Nevertheless, Roosevelt and Marshall were less than keen, with Marshall demanding essential landing craft for the Pacific and mainland Europe, referring to the Mediterranean as ‘periphery picking’. There is no question that after Sicily there was a degree of Allied euphoria in believing that they held the momentum. The Allies were changing from a more defensive posture to an offensive one, but there were too many ‘faltering moves and hesitancy which contrasted with the speed and assurance of German counter-moves as in this time the OKW moved 16 divisions into Italy’.
There was the assumption that once Mussolini collapsed the task would be easy. They thought Hitler would not be overly tempted to defend his erstwhile partner, and there was probably a lack of caution as they became more opportunistic. There was considerable Allied discussion over the announcement of ‘unconditional surrender’, as the Italians were seeking a way out of their conundrum, with some in the Allied camp concerned about this policy. Unconditional surrender was a restricting declaration, and there was a distinct impression that the Italians felt they could not surrender until Rome was in danger.
The Americans took a softer approach than Eden, but the unconditional surrender demand had turned the war into a moral crusade to make the Russians believe that there could be no behind-the-back agreements. The question remains as to how perceptive and informed Roosevelt, Churchill, and their advisers were about Italy, and where the bombing of cities, and clashes between some Germans and Italian citizens had unsettled the 74-year-old King Emmanuel Victor III and the weak Ambrosio, who had constructed the core of their new government from the old military and political elite.
Pietro Badoglio, appointed prime minister after the king deposed Mussolini, played the game that the war would continue with German help, but Hitler did not trust him, and assumed Badoglio was talking with the Allies. Mussolini’s departure triggered strikes and demonstrations against the war, and the Italian government ‘basked in delusional miscalculations of both German intentions and Allied capabilities’.
Neither Churchill nor Roosevelt were rushing into any agreement with the Italians, and in Quebec on 21 August 1943 the two leaders approved a long-term armistice which called for the total surrender and disarmament of Italian forces. The armistice was eventually signed on 3 September 1943 at Cassibile, Sicily between Bedell Smith and Castellano.
… as the Allies were attacking Italy with improvised forces (leading to the longest and bloodiest campaign in the war for the Allies), and without clear strategic goals the Allies would lose the momentum they had established in North Africa and Sicily.
For his part Hitler had entered the Mediterranean to help his faltering partner, but now the Allies were posing a threat which needed a more significant input, especially because of the Ploesti oilfields. As soon as Mussolini fell, Hitler moved divisions into Italy, feeling on the one hand that he needed Italian cooperation, and on the other uncertain as to whether to follow Rommel’s advice of building a blocking force in northern Italy or Kesselring’s policy of defending every river and valley from the south. Initially he preferred Rommel’s policy, but the Germans could reinforce by sea more quickly than the Allies, and the terrain was better for defence than attack.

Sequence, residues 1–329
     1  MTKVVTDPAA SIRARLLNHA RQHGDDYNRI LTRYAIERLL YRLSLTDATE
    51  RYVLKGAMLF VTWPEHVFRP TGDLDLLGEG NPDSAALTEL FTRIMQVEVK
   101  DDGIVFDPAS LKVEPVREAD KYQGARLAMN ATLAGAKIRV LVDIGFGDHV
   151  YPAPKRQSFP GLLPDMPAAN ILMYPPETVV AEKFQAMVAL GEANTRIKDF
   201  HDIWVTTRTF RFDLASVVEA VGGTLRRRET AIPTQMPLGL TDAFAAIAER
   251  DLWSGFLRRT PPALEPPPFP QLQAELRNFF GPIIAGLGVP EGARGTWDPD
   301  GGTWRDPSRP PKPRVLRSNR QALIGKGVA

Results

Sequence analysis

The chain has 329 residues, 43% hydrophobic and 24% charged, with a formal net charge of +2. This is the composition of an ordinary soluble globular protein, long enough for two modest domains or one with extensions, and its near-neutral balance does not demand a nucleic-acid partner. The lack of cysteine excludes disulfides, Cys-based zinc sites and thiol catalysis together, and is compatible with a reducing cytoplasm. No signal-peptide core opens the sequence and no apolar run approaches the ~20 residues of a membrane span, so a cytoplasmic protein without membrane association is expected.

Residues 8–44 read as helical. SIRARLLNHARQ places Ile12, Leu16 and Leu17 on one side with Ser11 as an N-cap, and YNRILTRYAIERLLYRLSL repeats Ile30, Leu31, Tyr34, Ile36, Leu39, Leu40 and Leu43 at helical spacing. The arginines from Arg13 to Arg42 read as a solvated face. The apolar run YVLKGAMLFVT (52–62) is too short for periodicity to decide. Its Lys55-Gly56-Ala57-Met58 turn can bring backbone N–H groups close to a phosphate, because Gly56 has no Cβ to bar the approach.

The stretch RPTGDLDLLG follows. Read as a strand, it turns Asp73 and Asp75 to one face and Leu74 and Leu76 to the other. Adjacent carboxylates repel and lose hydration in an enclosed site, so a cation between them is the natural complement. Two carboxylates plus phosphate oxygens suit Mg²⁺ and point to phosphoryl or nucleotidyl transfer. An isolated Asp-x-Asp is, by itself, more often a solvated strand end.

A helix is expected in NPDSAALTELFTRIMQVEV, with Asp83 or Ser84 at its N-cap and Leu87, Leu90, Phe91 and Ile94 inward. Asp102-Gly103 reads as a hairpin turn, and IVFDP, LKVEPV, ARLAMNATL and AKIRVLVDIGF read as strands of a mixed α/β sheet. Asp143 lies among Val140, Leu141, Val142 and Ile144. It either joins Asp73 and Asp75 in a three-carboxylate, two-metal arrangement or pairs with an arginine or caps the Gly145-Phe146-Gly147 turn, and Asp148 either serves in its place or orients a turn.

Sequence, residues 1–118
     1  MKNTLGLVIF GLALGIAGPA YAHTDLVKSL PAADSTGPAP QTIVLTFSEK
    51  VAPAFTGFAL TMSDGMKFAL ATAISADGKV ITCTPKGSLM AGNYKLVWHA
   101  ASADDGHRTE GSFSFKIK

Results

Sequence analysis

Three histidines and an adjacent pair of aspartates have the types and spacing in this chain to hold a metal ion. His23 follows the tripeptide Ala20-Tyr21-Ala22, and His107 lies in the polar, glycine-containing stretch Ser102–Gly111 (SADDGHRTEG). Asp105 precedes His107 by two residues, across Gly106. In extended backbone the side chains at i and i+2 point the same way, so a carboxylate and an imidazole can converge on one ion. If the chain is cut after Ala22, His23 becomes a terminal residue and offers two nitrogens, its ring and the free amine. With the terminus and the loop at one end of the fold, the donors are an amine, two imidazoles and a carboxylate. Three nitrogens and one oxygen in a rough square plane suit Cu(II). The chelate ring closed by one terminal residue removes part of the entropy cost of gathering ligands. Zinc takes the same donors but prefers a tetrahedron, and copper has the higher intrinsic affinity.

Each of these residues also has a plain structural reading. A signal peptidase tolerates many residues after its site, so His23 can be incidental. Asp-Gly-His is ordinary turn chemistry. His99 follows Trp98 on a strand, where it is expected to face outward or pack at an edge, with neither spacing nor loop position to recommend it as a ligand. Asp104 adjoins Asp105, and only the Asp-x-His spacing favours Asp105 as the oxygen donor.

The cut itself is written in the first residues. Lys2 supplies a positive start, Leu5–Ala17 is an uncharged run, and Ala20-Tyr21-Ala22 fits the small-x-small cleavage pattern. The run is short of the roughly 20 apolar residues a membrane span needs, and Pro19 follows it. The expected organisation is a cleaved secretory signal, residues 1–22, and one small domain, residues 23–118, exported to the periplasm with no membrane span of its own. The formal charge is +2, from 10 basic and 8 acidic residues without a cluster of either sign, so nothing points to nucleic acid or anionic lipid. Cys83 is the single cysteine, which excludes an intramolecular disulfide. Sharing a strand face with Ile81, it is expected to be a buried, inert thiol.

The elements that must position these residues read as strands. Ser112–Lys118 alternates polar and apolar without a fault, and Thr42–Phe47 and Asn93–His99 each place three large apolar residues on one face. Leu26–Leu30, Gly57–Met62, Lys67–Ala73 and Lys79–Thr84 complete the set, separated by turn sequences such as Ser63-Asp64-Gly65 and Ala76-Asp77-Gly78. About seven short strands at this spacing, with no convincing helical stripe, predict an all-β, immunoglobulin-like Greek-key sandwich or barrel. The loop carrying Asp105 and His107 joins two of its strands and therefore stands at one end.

The Allies also believed that Operation Avalanche depended on Italian support, but this soon unravelled with General Maxwell Taylor’s risky visit to Rome, Operation Giant II, on 9 September, which proved to be a disaster as he found the Italians ‘uncertain’. The only clear message was that Badoglio and the king expected to be rescued.
As the plans were being prepared the dangers should have been apparent, as the Allies were attacking Italy with improvised forces (leading to the longest and bloodiest campaign in the war for the Allies), and without clear strategic goals the Allies would lose the momentum they had established in North Africa and Sicily. There were many areas of concern, and Churchill wrote to Alexander that ‘none of the commanders engaged have fought a large-scale battle before’, referring to Gallipoli when pointing out that the commander there had been advised to remain in control at a remote centre where he could know everything, but ‘had he been on the spot he could have saved the show’.
As noted by some historians, it transpired to be ‘a half-hearted Allied invasion combined with incompetent and spineless Italian leadership and resolved the debate in the German camp in favour of Kesselring and forward defence’. For Italy, it was to be one of the ‘saddest and most humiliating chapters of their history’.
© Andrew Sangster and Pier Paolo Battistelli 2023, Flawed Commanders and Strategy in the Battles for Italy 1943-45. Reproduced courtesy of Casemate Publishers.
This is a fresh look at a sometimes neglected theatre. The Italian front certainly became a backwater in terms of publicity after 6th June 1944, yet the fighting continued here until the end of the war. At the heart of the arguments in Flawed Commanders and Strategy in the Battles for Italy 1943 are the massive egos of some of the commanders involved - not least among them Britain’s Bernhard Montgomery and America’s Mark Clark. It was not inevitable that the Allies would fight in Italy - and, once they were here, it was not inevitable that they would make some of the decisions that led to a nearly two-year bloody slogging match.